Vaughan Pratt

Vaughan Pratt
VaughanPratt.JPG
Born
Vaughan Ronald Pratt

(1944-04-12) April 12, 1944 (age 75)
EducationStanford University (1972)
University of Sydney (1970)
Known forKnuth–Morris–Pratt algorithm
Pratt certificate
Pratt parser
Scientific career
FieldsComputer science
InstitutionsStanford University
MIT
Academic advisorsDonald Knuth
Websiteboole.stanford.edu/pratt.html

Vaughan Pratt (born April 12, 1944) is a Professor Emeritus at Stanford University, who was an early pioneer in the field of computer science. Since 1969, Pratt has made several contributions to foundational areas such as search algorithms, sorting algorithms, and primality testing. More recently, his research has focused on formal modeling of concurrent systems and Chu spaces. A pattern of applying models from diverse areas of mathematics such as geometry, linear algebra, abstract algebra, and especially mathematical logic to computer science pervades his work.

Career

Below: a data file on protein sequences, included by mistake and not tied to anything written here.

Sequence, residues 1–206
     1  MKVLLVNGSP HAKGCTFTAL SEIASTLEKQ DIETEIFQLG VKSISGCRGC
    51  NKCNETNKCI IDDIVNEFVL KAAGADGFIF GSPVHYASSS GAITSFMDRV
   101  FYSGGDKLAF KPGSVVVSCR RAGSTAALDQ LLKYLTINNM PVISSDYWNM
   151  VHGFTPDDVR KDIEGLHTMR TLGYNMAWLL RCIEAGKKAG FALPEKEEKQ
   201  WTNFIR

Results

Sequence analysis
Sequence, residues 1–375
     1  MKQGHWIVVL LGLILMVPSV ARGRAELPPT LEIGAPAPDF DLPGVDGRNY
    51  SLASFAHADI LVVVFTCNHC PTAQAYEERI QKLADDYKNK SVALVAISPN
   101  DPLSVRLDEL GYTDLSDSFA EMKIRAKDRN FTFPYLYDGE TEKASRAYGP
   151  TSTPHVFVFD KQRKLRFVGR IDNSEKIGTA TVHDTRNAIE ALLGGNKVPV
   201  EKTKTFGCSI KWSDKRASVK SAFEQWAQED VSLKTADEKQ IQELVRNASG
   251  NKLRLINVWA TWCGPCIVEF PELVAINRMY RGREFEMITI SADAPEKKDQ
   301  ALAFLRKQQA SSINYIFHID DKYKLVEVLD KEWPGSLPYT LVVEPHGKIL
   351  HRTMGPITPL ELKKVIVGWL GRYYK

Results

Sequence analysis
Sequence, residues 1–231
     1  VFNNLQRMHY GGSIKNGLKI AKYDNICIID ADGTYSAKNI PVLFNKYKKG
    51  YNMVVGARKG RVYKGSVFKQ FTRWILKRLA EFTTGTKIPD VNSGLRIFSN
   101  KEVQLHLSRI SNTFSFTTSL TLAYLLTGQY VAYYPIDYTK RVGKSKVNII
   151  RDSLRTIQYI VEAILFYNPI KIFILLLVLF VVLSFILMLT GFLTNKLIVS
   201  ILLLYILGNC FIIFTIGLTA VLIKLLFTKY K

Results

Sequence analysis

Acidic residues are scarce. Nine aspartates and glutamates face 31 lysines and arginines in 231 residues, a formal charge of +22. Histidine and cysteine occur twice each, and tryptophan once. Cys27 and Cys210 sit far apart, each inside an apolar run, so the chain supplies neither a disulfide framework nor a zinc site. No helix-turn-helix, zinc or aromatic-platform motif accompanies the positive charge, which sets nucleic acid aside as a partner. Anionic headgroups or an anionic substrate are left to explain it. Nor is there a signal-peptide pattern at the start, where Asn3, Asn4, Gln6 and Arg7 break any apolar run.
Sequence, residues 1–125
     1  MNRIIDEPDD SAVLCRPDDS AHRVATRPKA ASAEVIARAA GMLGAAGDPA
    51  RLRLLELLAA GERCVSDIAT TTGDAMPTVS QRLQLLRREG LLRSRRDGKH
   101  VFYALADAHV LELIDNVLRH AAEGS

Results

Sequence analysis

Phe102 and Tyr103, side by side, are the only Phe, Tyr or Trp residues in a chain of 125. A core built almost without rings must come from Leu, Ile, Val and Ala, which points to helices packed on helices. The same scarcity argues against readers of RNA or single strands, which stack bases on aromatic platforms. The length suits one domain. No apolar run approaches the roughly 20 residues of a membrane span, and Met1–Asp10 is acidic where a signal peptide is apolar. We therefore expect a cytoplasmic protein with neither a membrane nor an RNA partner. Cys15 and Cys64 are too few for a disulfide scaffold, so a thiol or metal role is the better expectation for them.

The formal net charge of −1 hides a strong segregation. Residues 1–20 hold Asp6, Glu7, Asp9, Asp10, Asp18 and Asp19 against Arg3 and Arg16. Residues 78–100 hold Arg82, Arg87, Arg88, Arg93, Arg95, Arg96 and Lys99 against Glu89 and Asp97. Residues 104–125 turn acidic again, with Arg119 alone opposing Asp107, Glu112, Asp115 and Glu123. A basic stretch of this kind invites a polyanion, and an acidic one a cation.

Raised in Australia and educated at Knox Grammar School, where he was dux in 1961, Pratt attended Sydney University, where he completed his masters thesis in 1970, related to what is now known as natural language processing. He then went to the United States, where he completed a Ph.D. thesis at Stanford University in only 20 months under the supervision of advisor Donald Knuth. His thesis focused on analysis of the Shellsort sorting algorithm and sorting networks.

Pratt was an assistant professor at MIT (1972 to 1976) and then associate professor (1976 to 1982). In 1974, working in collaboration with Knuth and Morris, Pratt completed and formalized work he had begun in 1970 as a graduate student at Berkeley; the coauthored result was the Knuth–Morris–Pratt pattern matching algorithm. In 1976, he developed the system of dynamic logic, a modal logic of structured behavior.

He went on sabbatical from MIT to Stanford (1980 to 1981), and was appointed a full professor at Stanford in 1981.

Pratt directed the SUN workstation project at Stanford from 1980 to 1982. He contributed in various ways to the founding and early operation of Sun Microsystems, acting in the role of consultant for its first year, then, taking a leave of absence from Stanford for the next two years, becoming director of research, and finally resuming his role as a consultant to Sun and returning to Stanford in 1985.

He also designed the Sun logo, which features four interleaved copies of the word "sun"; it is an ambigram.

Pratt became professor emeritus at Stanford in 2000.